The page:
Innovative Groundwater-Surface Water Interaction Reporting

spider2Unique proof of concept project could support sound water management around the world

It sounds like a straightforward concept, but it’s proved difficult to come up with a user-friendly way to represent the mechanism of how groundwater and surface water interact. So difficult, in fact, that it’s never been satisfactorily done… until now.

This month a unique scientific reporting approach is being quietly announced to hydrological scientists and practitioners as an important proof of concept. The approach will drive an online map-based tool to clearly show how local groundwater availability is affected by new wells drilled in an area, and how surface water and groundwater interact, something never before reliably shown.

The approach was jointly created by Victoria-based environmental consulting firm, Foundry Spatial, and the research group of University of Victoria’s Tom Gleeson, a hydrogeologist in the civil engineering department, and a world-leader in the study of groundwater sustainability.

“Most people think of Canada as a land of pristine lakes, rivers and glaciers. Groundwater, which exists everywhere under the surface of the land, is not usually considered, even though more than a quarter of Canadians rely on groundwater,” says Ben Kerr, CEO and Senior Water Scientist at Foundry Spatial.

“The approach we have developed allows users to explore the linkages between surface and groundwater availability and use, in a way that has never before been possible,” says Dr. Tom Gleeson. Now, with the click of a mouse, in just seconds hydrological data is retrieved and presented, allowing users to

  • Click on a stream to see the current impacts on water flow from existing water withdrawals (e.g. water taken by industry, agriculture, communities, homesteaders, etc.);
  • Click on an existing groundwater well to learn which streams are affected by the well;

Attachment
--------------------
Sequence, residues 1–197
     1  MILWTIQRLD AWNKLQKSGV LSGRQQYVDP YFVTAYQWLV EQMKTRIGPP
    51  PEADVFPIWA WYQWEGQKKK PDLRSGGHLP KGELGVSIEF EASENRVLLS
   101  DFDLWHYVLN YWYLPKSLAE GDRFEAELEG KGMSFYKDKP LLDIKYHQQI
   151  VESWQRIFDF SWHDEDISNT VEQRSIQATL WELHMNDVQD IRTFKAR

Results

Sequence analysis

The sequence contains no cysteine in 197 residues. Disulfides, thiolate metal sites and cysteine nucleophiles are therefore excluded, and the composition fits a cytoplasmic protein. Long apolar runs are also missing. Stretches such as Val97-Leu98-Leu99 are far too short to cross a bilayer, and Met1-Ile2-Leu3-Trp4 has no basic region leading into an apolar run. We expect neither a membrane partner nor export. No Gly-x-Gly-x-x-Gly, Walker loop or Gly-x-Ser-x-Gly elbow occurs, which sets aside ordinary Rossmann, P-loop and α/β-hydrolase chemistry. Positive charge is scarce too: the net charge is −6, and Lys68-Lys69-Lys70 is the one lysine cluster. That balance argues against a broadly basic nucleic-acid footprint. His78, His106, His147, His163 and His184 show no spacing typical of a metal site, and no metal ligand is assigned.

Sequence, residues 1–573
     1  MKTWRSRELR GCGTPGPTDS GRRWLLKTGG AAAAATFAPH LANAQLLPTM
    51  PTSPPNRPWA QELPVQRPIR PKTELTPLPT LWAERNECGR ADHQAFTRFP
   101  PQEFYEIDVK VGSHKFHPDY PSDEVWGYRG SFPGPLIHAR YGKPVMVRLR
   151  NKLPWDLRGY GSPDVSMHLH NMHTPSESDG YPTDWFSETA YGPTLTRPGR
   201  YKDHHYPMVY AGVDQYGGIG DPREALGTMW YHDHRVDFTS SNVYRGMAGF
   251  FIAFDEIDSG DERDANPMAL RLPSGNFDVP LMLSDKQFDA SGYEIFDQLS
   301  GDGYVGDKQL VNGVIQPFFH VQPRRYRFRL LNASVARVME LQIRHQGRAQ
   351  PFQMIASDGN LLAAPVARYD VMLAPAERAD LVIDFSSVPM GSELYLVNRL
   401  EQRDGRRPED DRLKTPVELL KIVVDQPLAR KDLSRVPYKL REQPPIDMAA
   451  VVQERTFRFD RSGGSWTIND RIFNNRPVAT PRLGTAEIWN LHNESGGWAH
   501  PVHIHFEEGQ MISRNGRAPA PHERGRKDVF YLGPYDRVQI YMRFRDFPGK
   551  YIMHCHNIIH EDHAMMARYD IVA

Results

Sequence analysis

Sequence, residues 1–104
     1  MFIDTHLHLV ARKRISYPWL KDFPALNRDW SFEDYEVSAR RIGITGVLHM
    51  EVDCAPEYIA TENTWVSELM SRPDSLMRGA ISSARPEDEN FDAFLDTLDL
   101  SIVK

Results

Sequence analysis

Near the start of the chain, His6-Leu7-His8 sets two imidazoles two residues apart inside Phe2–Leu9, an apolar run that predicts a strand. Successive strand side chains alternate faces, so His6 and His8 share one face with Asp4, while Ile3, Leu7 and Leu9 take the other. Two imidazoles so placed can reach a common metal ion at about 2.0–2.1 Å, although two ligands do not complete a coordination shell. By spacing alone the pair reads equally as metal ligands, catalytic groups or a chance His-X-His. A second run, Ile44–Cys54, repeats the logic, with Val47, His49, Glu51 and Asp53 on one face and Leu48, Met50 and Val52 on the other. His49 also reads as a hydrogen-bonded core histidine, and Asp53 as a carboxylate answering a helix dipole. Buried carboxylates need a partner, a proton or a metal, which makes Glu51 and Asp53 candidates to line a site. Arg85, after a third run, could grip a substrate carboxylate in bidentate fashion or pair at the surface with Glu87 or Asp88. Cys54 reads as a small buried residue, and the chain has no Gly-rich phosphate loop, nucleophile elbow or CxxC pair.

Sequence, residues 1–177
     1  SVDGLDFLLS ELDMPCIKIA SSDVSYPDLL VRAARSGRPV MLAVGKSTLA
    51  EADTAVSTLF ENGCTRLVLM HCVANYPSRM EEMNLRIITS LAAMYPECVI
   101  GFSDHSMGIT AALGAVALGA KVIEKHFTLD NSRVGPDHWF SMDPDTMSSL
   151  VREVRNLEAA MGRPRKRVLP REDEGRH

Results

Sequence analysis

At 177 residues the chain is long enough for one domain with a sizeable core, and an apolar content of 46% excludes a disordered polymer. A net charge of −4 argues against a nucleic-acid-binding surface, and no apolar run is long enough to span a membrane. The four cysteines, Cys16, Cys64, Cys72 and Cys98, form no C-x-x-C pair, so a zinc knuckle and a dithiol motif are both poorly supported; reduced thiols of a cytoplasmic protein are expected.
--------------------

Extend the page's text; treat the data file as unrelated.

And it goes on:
• Click on the site of a proposed groundwater well site, enter a pumping rate, and see it’s impact on the local aquifer and nearby streams; and
  • Click on an aquifer to see its current state.

Groundwater is present beneath the Earth’s surface in porous soil spaces and in the fractures of rock formations. Such regions underground are called aquifers when they contain a usable quantity of water for people, livestock and industry. And, of course, groundwater affects – and is affected by – what’s happening with the amount of water on the surface of the ground.

groundwater-pipe-emailThis past March the Province of British Columbia replaced the Water Act with the Water Sustainability Act, a large framework of policies and regulations aimed at caring for BC water resources. Under the new Act, a significant amount of location-specific water information is required when applying for a water use licence. For the first time, users of BC groundwater for non-domestic purposes like irrigation, industry, water bottling and municipal water systems require a water licence and must pay fees and annual water rentals, just like surface water users.

The joint Foundry Spatial-UVic research and development project was funded in part by the Natural Sciences and Engineering Research Council of Canada (NSERC), whose mandate is to invest in scientific discovery for the benefit of Canada.

“Groundwater is complex and difficult to understand, but it is very important all over the world,” says Gleeson, whose work, published in Nature Geoscience last year, estimates the quantity of groundwater to cover the surface of the continents to a depth of 180 metres. By contrast, the volume of surface water in lakes, rivers, reservoirs and swamps could be contained in a depth of about one quarter of a metre.

“Our model used hydrological data from British Columbia and Alberta because we live and work here,” says Kerr, “But the science is sound and universally applicable. The tool can be employed anywhere in the world – any place where sound decisions need to be made to balance the competing needs for natural water resources.”

Hydrogeologists and other water practitioners, along with government decision-makers responsible for natural resource management, are encouraged to contact Foundry Spatial and the University of Victoria for more information on the details and prospective use of the new tool.